Filling missing values
Filling missing values#
Landsat Level 2 data can sometimes contain missing values, particularly around
bright clouds with dark shadows. These pixels will have a value of
numpy.nan and can cause problems in other calculations. To fill them, we
can use the values of neighboring pixels to interpolate the missing values with
Let’s use our sample scene of the December 2015 eruption of Momotombo volcano, Nicaragua, to demonstrate how it’s done.
First, we’ll import the required packages and load the sample scene:
import xlandsat as xls import matplotlib.pyplot as plt import xarray as xr import numpy as np path = xls.datasets.fetch_momotombo() scene = xls.load_scene(path)
Now we can plot an RGB composite to show some of the missing values. In order to highlight them, we’ll color the background of the plot in magenta so that the missing values don’t simply show up as white:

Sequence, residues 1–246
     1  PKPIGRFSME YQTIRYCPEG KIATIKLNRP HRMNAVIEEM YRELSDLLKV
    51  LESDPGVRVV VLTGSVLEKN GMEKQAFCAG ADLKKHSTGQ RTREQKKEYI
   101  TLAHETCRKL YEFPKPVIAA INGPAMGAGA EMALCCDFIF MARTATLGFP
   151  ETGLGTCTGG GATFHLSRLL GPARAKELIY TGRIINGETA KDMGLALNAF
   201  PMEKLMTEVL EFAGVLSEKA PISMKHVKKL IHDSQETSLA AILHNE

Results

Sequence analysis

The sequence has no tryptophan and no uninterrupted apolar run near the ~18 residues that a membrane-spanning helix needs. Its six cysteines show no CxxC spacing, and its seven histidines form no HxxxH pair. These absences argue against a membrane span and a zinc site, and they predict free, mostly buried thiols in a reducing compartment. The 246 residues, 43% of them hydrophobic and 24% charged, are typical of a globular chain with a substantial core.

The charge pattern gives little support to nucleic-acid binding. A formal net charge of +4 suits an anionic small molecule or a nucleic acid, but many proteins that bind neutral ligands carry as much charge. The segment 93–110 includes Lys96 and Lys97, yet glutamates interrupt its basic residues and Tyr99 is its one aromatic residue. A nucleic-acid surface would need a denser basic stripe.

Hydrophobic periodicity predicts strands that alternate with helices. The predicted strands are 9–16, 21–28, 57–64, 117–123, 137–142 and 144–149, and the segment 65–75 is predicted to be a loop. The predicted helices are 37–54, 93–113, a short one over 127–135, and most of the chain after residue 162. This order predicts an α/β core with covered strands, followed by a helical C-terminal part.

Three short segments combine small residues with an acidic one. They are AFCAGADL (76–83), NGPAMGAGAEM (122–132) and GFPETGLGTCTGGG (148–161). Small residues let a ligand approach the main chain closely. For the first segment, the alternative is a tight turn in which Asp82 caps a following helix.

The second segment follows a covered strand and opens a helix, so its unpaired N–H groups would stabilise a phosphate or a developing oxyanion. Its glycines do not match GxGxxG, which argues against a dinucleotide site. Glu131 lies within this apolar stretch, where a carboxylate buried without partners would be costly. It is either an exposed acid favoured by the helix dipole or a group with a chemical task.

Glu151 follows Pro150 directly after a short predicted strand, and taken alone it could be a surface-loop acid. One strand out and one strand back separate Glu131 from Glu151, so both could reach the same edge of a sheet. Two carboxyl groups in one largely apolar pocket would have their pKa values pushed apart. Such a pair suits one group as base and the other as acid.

# Make the composite and add it to the scene rgb = xls.composite(scene, rescale_to=(0.04, 0.17)) fig, ax = plt.subplots(1, 1, figsize=(10, 6)) rgb.plot.imshow(ax=ax) ax.set_facecolor("magenta") ax.set_aspect("equal") plt.show()
We can fill these values with reasonable estimates using interpolation:
scene_filled = xls.interpolate_missing(scene) rgb_filled = xls.composite(scene_filled, rescale_to=(0.04, 0.17)) fig, ax = plt.subplots(1, 1, figsize=(10, 6)) rgb_filled.plot.imshow(ax=ax) ax.set_facecolor("magenta") ax.set_aspect("equal") plt.show()
The interpolated scene no longer contains the magenta patches!
This method works well when the missing data are only a few pixels or small patches. Large portions of the image missing cannot be filled in accurately by interpolation.